When California Gov. Arnold Schwarzenegger denied parole to a battered woman last week, he underscored a message that courts and prosecutors are increasingly giving mothers: They can be prosecuted for murder and imprisoned if they fail to prevent their children from being killed.
Linda Lee Smith, 52, has spent 24 years in prison in the murder of her 2-year-old daughter, Amy. Although the parole board has declared her suitable for release six times since 1989, the state’s governors have decided otherwise.
Smith was convicted of second-degree murder in San Luis Obispo County in 1980 and sentenced to 15 years to life after she did not stop her boyfriend from fatally beating Amy. Whether Smith participated in Amy’s abuse was hotly disputed at her trial. The prosecution argued that by not aggressively intervening, she condoned the violence.
That Smith may have been a victim of domestic violence was no defense, Schwarzenegger said. He said in his May 18 letter denying parole that Smith still poses “an unreasonable threat to public safety.”
Smith’s situation is not unique. Legal scholars and court dockets across the nation suggest that during the past two decades, mothers increasingly have been blamed —— and prosecuted ——for not protecting their children from harm. That includes women who have been victims of domestic violence or who have used drugs while they were pregnant.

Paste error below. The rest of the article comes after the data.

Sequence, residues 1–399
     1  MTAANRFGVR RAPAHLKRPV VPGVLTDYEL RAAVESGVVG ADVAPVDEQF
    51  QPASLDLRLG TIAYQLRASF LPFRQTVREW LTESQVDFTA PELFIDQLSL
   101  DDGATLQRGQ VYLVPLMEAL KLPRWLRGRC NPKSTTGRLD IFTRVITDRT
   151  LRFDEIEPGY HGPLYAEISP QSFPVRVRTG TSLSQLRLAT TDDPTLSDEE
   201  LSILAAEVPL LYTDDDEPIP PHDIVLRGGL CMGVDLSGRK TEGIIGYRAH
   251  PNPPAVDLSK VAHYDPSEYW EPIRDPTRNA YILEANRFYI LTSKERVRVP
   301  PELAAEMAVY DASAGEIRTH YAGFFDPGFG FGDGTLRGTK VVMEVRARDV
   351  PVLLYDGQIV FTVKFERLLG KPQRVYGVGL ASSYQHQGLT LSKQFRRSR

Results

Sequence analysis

“There’s the sense of a noose being tightened,” says Michelle Oberman, a Santa Clara University law professor and co-author of the book Mothers Who Kill Their Children.
“We want to try to find some way to think we’re protecting children,” says Benjamin Wolf, associate legal director of the American Civil Liberties Union in Illinois. Fixing social problems is too complicated, he says. “Blaming the mother is the easy way out.”
Some prosecutors say women merely are being held to the same standards as men.
“If we’re not going to hold the mother accountable, then who’s going to be responsible for protecting that child?” says Wendy Macfarlane, a deputy district attorney in Ventura County, Calif.
It is unclear precisely how many mothers are being prosecuted and convicted of failing to protect their children each year. They are charged under a complex web of state laws, which are enforced differently in various jurisdictions. No one tracks the number of prosecutions across the states.
Oberman and other legal scholars say there is no doubt prosecutions and convictions of mothers in children’s deaths are on the rise. Anecdotal evidence from court dockets supports that:
- In Lake County, Ind., the county prosecutor isn’t excusing Felicia Gordon for not intervening in the fatal beating of her son George, 7, in March. Gordon, 27, of Gary, was charged with murder after her boyfriend repeatedly hit, punched and kicked the boy to death. She admitted to police that she could hear beating and screaming for 10 minutes. Her attorney, Lemuel Stigler, says she stayed in another room during most of the incident because she was trying to protect her other son, a 1-year-old. She says her boyfriend pointed a gun at her after the beating and threatened to hurt her if she called police. If convicted at her trial this summer, she could face more than 65 years in prison.